Sudha Pennathur, LP.


Here are some more reflections from the WPO conference on May 4, 2017 from  keynote speaker, Shawn Achor

I was always told it is very hard to break a habit. Listen to “The Happiness Advantage” by Shawn Achor on the TED talk:

https://www.ted.com/talks/shawn_achor_the_happy_secret_to_better_work

“Scientifically, happiness is a choice,” Achor says. He explains that research has shown you can rewire your brain to make yourself happy by practicing simple happiness exercises every day for three weeks.

He says you can rewire your brain to make yourself happy by practicing simple happiness exercises.

And within 30 days, those habits change the neuropath ways of our brains and turn us into lifelong optimists.

  1. Gratitude Exercises. Write down three things you’re grateful for that occurred over the last 24 hours. They don’t have to be profound. It could be a really good cup of coffee or the warmth of a sunny day.
  2. The Doubler. Take one positive experience from the past 24 hours and spend two minutes writing down every detail about that experience. As you remember it, your brain labels it as meaningful and deepens the imprint.
  3. The Fun Fifteen. Do 15 minutes of a fun cardio activity, like gardening or walking the dog, every day. The effects of daily cardio can be as effective as taking an antidepressant.
  4. Meditation. Every day take two minutes to stop whatever you’re doing and concentrate on breathing. Even a short mindful break can result in a calmer, happier you.
  5. Conscious act of kindness. At the start of every day, send a short email or text praising someone you know. Our brains become addicted to feeling good by making others feel good.
  6. Deepen Social Connections. Spend time with family and friends. Our social connections are one of the best predictors for success and health, and even life expectancy.


It has been a while since I wrote.  Last week I was at the Annual Women Presidents Organization annual conference and was once again blown away at the energy this conference generates in its members.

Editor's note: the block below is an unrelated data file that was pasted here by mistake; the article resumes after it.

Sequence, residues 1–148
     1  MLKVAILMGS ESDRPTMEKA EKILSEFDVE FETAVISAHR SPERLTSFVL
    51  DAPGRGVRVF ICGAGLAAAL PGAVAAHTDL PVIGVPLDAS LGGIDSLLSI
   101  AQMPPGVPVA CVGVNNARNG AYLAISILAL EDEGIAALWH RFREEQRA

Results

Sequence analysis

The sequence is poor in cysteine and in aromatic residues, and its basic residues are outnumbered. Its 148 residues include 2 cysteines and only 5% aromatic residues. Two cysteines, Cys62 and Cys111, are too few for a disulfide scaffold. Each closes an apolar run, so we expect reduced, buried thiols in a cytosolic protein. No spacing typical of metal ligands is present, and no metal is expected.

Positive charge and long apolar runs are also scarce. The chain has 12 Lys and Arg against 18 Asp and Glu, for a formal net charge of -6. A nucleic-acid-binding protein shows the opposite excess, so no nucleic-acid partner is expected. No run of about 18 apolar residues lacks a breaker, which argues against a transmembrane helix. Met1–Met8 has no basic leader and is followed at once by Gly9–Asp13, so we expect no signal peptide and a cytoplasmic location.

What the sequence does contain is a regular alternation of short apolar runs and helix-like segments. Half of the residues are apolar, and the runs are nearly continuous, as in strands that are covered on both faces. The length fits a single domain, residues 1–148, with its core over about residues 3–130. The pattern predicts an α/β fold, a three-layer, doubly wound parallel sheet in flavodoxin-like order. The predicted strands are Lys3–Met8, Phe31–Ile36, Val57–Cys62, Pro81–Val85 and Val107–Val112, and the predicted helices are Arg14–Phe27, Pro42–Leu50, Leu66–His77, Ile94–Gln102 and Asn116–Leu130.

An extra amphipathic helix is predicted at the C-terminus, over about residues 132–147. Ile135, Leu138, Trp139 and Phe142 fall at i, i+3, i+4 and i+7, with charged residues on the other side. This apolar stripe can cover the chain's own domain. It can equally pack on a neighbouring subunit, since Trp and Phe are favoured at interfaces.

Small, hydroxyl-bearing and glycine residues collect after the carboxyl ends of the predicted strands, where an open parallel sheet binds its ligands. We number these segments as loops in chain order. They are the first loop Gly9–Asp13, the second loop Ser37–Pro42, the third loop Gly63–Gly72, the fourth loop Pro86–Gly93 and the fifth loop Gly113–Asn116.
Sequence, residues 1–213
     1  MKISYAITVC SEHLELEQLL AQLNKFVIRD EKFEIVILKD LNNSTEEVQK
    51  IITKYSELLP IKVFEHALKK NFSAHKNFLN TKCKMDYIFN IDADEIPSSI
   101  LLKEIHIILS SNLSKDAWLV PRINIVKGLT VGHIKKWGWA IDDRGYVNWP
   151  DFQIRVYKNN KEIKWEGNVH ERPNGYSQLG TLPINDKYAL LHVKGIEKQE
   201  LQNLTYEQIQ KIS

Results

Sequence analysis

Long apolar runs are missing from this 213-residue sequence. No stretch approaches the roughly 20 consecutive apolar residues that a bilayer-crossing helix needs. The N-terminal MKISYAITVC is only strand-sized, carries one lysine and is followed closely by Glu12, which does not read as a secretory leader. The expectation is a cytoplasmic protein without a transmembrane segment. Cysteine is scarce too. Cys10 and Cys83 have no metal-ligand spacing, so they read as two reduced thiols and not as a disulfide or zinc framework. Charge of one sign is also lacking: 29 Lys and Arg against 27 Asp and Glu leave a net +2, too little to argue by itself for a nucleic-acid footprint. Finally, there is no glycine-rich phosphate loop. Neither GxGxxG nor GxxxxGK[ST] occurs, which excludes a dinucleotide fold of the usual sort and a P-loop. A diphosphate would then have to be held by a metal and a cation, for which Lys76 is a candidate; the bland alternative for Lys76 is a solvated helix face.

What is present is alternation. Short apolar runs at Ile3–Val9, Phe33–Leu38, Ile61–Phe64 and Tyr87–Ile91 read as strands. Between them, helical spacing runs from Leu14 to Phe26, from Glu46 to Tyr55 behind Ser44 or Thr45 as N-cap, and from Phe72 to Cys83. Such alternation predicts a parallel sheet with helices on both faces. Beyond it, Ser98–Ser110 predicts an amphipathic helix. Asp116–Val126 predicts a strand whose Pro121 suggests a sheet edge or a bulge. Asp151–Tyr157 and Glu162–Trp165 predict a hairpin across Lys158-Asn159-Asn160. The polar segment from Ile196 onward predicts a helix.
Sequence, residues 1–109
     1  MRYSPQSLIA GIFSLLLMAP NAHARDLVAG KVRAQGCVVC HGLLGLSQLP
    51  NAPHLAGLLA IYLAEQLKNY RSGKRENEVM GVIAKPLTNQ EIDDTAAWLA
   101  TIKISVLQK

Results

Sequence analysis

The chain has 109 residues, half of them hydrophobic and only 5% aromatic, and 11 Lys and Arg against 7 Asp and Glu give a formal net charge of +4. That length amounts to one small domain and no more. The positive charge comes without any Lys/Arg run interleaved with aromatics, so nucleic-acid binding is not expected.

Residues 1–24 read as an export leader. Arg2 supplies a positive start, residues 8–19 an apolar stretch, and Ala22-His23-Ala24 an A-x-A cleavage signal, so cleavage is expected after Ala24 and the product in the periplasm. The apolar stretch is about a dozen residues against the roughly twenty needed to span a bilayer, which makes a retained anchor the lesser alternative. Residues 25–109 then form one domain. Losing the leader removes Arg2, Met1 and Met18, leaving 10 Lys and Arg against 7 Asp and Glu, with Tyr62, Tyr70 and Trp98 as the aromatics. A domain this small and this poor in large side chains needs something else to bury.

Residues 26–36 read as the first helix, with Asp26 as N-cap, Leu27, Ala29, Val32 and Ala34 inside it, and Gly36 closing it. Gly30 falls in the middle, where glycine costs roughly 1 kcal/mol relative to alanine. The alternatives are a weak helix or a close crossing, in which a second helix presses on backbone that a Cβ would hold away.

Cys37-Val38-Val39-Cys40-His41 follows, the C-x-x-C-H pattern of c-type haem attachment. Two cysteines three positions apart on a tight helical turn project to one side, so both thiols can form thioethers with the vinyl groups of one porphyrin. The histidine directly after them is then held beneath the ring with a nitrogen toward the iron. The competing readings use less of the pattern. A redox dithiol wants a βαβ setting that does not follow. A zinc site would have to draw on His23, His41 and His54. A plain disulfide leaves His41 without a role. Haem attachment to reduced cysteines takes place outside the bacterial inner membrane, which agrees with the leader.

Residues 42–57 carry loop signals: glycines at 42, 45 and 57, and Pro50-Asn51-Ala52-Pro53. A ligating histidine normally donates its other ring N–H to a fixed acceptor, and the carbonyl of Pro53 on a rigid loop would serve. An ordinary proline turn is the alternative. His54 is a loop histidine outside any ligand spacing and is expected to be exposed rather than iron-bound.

I met people from at least 8 countries and shared experiences,  let some random cartoonist do a caricature of me, threw on some silly accessories and posed with Ed and Juli Betwee, our Chapter Chair, and even danced.

with Juli Betwee and other chapter chairs
Julie Moreland, Nancy Geenen, Juli Betwee and Judith Goldkrand
With Juli chapter chair in St Louis, Ed Messerly and Juli Betwee
Mother and Daughter team: Cindy Groux and Alexis
Shanthi Rajaram CEO of her IT firm Amazech.
Getting our caricatures done

These 2 talented women each run a niche manufacturing business: Michele Sutton, (to my right) , CEO of Ready to Grow Greens, which distributes innovative pre-made floral greens products and Christy Winter, to my left, CEO of Aptations, manufacturer of elegant mirror designs for bathrooms in hotels.

 

There were some great key note addresses:

Three excellent key note speakers: I particularly liked Shawn Achor on the Happiness Advantage and the youngest keynote speaker Maya Penn. It is worth a listen:

  1. The Engagement Economy: Jane McGonigal from game and research development for  Institute of the Future.

https://www.ted.com/talks/jane_mcgonigal_the_game_that_can_give_you_10_extra_years_of_life

https://www.ted.com/talks/jane_mcgonigal_gaming_can_make_a_better_world

  1. The Happiness Advantage: Shawn Achor

https://www.ted.com/talks/shawn_achor_the_happy_secret_to_better_work

  1. Maya Penn – CEO/Founder Activist Philanthropist.

https://www.ted.com/talks/maya_penn_meet_a_young_entrepreneur_cartoonist_designer_activist

https://www.youtube.com/watch?v=irXb3j2S-ds